Aloe pearsonii


Family : Asphodelaceae
Common name : Pearson's aloe

Aloe personii

Aloe pearsonii is a very distinctive aloe with its almost perfectly arranged vertical rows of leaves that cover the slender stems like a long narrow skirt. In its natural habitat, many colonies may cover and colour the landscape with its reddish leaves.

Aloe pearsonii is probably the least typical of the creeping aloes but it fits very comfortably in the group, as it has the same rather unique combination of chemical compounds in the leaves as is present in all five related species, A. meyeri, A. distans, A. dabenorisana, A. perfoliata and A. arenicola (Van Wyk & Smith 2003). Plants can grow as quite large specimens or much-branched shrubs of up to x 2 m or more.

They are densely branched and erect plants with their lower stem area often covered with dead, persistent leaves and the upper area with living leaves. Branching may take place from the base of the stem or higher up.

The densely arranged leaves are elongate-triangular, mainly downward curving and arranged in four ranks. The dull bluish green leaves often turn red, especially in times of drought. The backward curving leaves give the rosettes a distinctive appearance that is unmistakable of this species.

Aloe pearsonii

The inflorescence is often branched low down into two or three head-shaped racemes. Flower colour is varied from red, yellow and red-yellow. Aloe pearsonii is summer flowering (Dec.-Jan.). As with other aloes, the seeds are typically winged, small, up to 4 mm and produced in abundance inside the fruit capsules that split into three when ripe. Seeds ripen soon as a result of the extreme heat, normally around February to March.

Aloe pearsonii is regarded as endangered as a result of mining activities, overgrazing and illegal collecting (Van Wyk & Smith 2003). In its habitat, however, it is still found in abundance, often seen covering slopes and foothills.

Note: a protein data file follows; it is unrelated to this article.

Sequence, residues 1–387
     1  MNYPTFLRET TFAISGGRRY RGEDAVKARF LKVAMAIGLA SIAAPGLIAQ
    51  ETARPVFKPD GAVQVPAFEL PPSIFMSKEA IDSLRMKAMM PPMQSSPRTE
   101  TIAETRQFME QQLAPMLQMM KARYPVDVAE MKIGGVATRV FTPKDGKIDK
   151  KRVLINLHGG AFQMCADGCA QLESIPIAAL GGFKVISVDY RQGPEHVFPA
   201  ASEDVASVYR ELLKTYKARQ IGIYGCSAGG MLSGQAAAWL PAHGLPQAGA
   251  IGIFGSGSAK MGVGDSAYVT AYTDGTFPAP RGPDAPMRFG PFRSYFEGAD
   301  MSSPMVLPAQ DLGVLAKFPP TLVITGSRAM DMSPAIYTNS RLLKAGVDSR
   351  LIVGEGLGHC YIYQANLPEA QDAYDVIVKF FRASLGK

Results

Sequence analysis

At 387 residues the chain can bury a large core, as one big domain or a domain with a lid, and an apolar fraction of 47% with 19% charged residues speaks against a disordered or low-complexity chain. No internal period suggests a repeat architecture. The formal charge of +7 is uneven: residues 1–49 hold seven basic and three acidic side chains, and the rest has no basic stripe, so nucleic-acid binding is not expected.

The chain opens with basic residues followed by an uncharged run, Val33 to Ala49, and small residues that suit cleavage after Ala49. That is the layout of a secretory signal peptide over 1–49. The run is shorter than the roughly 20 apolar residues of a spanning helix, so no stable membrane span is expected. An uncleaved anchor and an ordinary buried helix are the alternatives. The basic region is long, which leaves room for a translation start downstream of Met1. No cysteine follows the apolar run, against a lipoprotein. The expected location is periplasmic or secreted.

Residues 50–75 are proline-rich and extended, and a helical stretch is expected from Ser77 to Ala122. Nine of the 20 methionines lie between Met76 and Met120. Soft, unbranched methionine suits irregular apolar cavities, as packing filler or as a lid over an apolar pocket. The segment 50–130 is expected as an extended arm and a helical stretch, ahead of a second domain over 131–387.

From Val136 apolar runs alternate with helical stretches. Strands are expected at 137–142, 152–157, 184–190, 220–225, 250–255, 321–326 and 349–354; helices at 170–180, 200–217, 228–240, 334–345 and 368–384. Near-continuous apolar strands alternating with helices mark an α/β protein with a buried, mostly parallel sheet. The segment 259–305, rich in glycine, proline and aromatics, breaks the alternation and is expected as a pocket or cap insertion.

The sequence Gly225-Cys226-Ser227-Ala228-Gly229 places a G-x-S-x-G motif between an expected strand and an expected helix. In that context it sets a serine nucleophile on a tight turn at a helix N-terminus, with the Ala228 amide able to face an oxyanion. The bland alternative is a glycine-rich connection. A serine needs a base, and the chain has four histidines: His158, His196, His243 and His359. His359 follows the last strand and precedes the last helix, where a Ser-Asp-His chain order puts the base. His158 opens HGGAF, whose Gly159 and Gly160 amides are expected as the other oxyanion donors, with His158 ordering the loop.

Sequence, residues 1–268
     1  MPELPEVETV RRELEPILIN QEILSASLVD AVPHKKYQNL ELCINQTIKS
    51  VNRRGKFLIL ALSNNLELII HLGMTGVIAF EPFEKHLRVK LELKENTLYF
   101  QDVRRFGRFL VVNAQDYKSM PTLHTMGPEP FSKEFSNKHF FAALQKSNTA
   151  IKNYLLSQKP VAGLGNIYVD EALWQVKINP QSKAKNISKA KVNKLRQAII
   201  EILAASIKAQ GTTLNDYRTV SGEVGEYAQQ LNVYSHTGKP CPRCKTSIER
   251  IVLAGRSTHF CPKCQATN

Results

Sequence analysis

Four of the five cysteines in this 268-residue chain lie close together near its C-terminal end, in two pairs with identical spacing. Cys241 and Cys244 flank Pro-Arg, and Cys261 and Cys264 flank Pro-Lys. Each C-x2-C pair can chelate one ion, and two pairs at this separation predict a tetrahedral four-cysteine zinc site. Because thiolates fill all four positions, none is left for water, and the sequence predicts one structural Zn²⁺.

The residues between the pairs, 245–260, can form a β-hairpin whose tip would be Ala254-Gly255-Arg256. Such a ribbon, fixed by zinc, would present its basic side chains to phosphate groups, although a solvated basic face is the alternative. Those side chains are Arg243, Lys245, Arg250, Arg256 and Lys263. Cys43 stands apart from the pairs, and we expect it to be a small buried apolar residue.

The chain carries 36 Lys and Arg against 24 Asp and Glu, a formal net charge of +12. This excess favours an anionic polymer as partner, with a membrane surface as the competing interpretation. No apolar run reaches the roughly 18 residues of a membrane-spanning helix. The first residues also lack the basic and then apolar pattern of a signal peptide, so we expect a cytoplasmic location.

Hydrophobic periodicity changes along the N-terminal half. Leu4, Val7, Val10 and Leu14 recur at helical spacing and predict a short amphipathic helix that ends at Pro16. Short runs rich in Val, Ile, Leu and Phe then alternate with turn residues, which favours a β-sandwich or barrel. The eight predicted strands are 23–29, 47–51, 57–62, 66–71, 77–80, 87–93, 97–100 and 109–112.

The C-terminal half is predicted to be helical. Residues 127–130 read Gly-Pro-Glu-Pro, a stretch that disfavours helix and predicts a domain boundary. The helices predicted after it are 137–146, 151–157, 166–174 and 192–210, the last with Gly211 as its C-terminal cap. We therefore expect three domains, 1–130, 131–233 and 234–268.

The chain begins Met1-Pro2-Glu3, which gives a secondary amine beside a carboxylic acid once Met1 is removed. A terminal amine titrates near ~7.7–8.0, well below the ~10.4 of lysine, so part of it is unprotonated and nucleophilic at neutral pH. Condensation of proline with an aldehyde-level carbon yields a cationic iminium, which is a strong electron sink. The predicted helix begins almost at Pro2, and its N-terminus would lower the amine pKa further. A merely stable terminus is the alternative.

Distribution and habitat
Aloe pearsonii is highly localized and thus an endemic of the Richtersveld around Helskloof and the adjacent mountains across the Gariep (Orange) River in Namibia. It occurs at altitudes of about 300 to 1 500 m (950-5000 ft). At Helskloof, dense colonies dominate the landscape and colour all the mountain slopes (Williamson 2000).

Aloe pearsonii grows in a variety of soils which are mainly granite, sandstone and shale derived. The many different formations of the Gariep Super Group comprise rock such as conglomerate, sandstone, quartzite, shale, limestone, dolomite, schist, lava, volcanic breccia and tuff (Van Wyk & Smith 2001). The soils in which A. pearsonii grows are usually sandy, shallow and stony, but clayey soils do occur.

Aloe pearsonii seems to prefer slopes, hills and plateaus of the arid landscapes in the Richtersveld and surrounds. It is most regularly seen in exposed situations but colonies do occur in valleys with deep ravines, where they are more blue-green as a result of morning and afternoon shady conditions.

Derivation of name and historical aspects
The genus name Aloe is derived from the Arabic, alloch, and translated as allal in Greek and Hebrew, literally meaning bitter or bitter sap, which is descriptive of aloe sap. The species name pearsonii was given in honour of the first director of Kirstenbosch Botanic Garden, Prof. Harold H.W. Pearson who collected the plants in 1910.

All species of creeping aloes flower in the dry summer months and occur in the Northern, Western and Eastern Cape Provinces of South Africa. It is noteworthy that five of the six creeping aloes are threatened in one way or another. There are ± 125 species of Aloe in South Africa, many of which are important garden plants all over the world especially in Mediterranean and temperate regions.

Aloe pearsonii produces nectar and is therefore pollinated by sugarbirds as well as winged and crawling insects such as ants which are small enough to enter the flower tube in which the nectar is stored. After fertilization, the fruit, which is called a capsule, grows quickly and splits into three parts at the end of the summer. The seeds are small, up to 4 mm, and slightly winged enabling it to be dispersed by the wind. Pieces of the stem that break off may also root when conditions are ideal.

The plant in itself is very tough and can survive often for several seasons without water, at which point the leaves turn reddish, a sign generally associated with stress. Groups of Aloe pearsonii are often found in places inhabited by hyraxes, otherwise known as rock dassies (Procavia capensis). The droppings of these cuddly looking mammals, whose closest relatives are elephants, can easily be seen in close proximity to colonies of Aloe pearsonii and A. gariepensis (Gariep River aloe). It is a known fact that the roots and stems of these plants serve as a source of moisture or food.